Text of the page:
The devil is in the detail: policymakers must learn from experience to address complex needs

Claire Richmond works with Opportunity Nottingham – one of the 12 Big Lottery-funded Fulfilling Lives areas which MEAM supports. Ahead of the Spending Review, she reflects on the growing national interest in its work, and the vital role of lived experience. 

In his ‘smarter state’ speech in September, David Cameron reflected on the success of the Troubled Families programme, saying “…we need to do more to encourage departments, local authorities and charities to work together collaboratively”.  Support is growing for the next step, the development of a  national programme to support action on multiple and complex needs of individuals, with the MEAM Coalition, Revolving Doors Agency, Simple Change for Troubled Lives and IPPR all urging the Government to act ahead of this month’s Spending Review.

In this video, Claire talks about her work with people with lived experience of multiple needs

The debate alone is encouraging.  I work for a Big Lottery Fund-supported partnership called Opportunity Nottingham, aiming to improve services for local people with multiple needs – including mental ill-health, homelessness, substance misuse and contact with the criminal justice system. When I reviewed the policy landscape for the project last year, I found those with the most severe needs barely featured.

As commissioners, providers and beneficiaries, we have been thinking together about what a new national focus on multiple needs might mean for us.  We all want better outcomes for the people, but those with lived experience have highlighted issues that warrant a greater emphasis in the current policy debate.

Firstly, we can get weighed down by the complexity of process and structures, but the number one ask from beneficiaries is staggeringly simple: they call it ‘being human’.  They want services that recognise their individual needs, but also what they have to contribute.  For instance, Opportunity Nottingham has introduced ‘Facts About Me’ into its assessment process, where people share their strengths, interests and motivations. This is so important because it stops people being seen as a set of problems to solve, and instead recognises potential. As one person we’re working with told me: ‘we should be shouting the good stuff from the rooftops’.

Secondly, people want a system that supports their ambitions as well as meeting their needs. Commissioners are not sure that ‘social-care style’ personal budgets (as piloted with rough sleepers in Wales and London) are the right approach for Nottingham, but a modest ‘reward’ to fund positive activities that fill the void as negative behaviours cease is an important practical solution. And then there’s work: moving towards employment is a huge motivation, but it can take a long time. We need to ensure people are supported throughout their recovery – and that they aren’t penalised by welfare system when things don’t go well.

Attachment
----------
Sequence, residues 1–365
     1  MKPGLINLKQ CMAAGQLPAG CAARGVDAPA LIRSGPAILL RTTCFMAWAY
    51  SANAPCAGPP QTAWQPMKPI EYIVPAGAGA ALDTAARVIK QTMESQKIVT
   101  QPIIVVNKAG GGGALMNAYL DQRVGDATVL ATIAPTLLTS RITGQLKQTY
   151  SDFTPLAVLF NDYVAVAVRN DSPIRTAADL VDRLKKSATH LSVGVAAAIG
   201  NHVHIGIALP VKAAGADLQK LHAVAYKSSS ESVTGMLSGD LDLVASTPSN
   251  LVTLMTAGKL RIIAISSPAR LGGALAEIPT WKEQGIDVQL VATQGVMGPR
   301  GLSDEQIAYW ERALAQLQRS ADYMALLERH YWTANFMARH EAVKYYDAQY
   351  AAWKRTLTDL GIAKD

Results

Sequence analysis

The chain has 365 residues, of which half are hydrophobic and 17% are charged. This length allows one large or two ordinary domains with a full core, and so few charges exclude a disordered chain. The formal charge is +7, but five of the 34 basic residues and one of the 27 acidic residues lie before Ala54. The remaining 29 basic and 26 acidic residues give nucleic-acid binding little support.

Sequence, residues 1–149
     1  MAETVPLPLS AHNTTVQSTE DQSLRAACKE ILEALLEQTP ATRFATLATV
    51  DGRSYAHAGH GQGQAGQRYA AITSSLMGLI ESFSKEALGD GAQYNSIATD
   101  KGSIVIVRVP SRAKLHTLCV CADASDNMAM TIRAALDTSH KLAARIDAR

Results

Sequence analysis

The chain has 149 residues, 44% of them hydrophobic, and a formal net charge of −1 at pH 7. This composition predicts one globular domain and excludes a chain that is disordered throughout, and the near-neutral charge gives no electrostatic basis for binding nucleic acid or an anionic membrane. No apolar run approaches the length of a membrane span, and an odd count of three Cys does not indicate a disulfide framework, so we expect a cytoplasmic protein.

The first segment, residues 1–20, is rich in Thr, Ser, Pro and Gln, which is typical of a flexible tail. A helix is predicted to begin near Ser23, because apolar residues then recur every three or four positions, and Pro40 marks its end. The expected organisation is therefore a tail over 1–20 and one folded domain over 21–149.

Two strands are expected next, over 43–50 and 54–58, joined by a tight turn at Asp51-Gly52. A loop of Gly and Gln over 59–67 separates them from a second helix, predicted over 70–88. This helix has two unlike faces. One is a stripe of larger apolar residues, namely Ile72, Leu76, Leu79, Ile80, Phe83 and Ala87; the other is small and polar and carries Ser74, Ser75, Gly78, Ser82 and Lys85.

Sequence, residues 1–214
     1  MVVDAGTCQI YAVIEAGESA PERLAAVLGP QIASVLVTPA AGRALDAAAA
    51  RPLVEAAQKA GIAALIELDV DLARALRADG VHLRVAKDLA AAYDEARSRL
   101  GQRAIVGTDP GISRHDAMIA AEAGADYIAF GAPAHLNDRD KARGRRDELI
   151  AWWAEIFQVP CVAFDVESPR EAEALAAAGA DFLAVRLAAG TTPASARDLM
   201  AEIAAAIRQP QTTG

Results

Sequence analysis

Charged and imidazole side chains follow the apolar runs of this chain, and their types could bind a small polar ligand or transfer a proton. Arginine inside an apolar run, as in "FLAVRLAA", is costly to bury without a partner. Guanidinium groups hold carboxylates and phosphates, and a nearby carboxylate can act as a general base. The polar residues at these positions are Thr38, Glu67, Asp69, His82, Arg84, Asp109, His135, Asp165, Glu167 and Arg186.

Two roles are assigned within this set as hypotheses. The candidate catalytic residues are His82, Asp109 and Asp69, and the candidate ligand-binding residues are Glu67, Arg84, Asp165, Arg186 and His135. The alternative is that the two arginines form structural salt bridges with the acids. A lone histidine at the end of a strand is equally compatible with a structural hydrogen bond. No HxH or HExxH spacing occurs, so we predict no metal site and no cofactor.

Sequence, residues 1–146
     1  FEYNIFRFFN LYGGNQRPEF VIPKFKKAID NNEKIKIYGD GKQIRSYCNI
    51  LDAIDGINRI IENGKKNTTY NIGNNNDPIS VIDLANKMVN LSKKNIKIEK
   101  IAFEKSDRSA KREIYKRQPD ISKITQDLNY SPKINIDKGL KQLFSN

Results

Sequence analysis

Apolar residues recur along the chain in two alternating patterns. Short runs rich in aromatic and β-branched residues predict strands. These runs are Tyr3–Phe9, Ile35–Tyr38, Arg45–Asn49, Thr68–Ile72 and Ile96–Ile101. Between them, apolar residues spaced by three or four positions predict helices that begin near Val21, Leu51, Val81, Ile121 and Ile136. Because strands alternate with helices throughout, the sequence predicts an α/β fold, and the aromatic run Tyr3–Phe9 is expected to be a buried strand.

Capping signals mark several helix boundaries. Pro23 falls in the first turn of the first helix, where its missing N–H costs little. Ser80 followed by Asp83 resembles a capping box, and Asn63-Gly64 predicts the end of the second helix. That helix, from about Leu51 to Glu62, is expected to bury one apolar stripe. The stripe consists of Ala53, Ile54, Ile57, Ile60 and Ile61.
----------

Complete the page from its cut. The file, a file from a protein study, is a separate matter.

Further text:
Finally, effective support for people with multiple needs depends on trust – but how do you build trust into a policy?  One way is to enable smaller community-based providers to play a leading role.  They know and understand the people they’re working with, which matters because many of those experiencing the most complex needs don’t show up on databases. This also means that pure payments-by-results models may not work for this group. The National Audit Office found that for programmes trying to achieve complex, long-term outcomes, it’s difficult to design a payment model based on individuals’ progress. What’s more, the financial risk involved in such investments can prevent smaller organisations that are trusted by beneficiaries from getting involved.

When it comes to any new national programme for people experiencing multiple needs, the devil will be in the detail. As they develop this work, policymakers can save time and energy by learning from the good practice that local services have already established. And, by ensuring that people with lived experience of multiple needs are involved from the start, they’ll help local areas and the individuals they’re supporting achieve things that are really worth shouting about.

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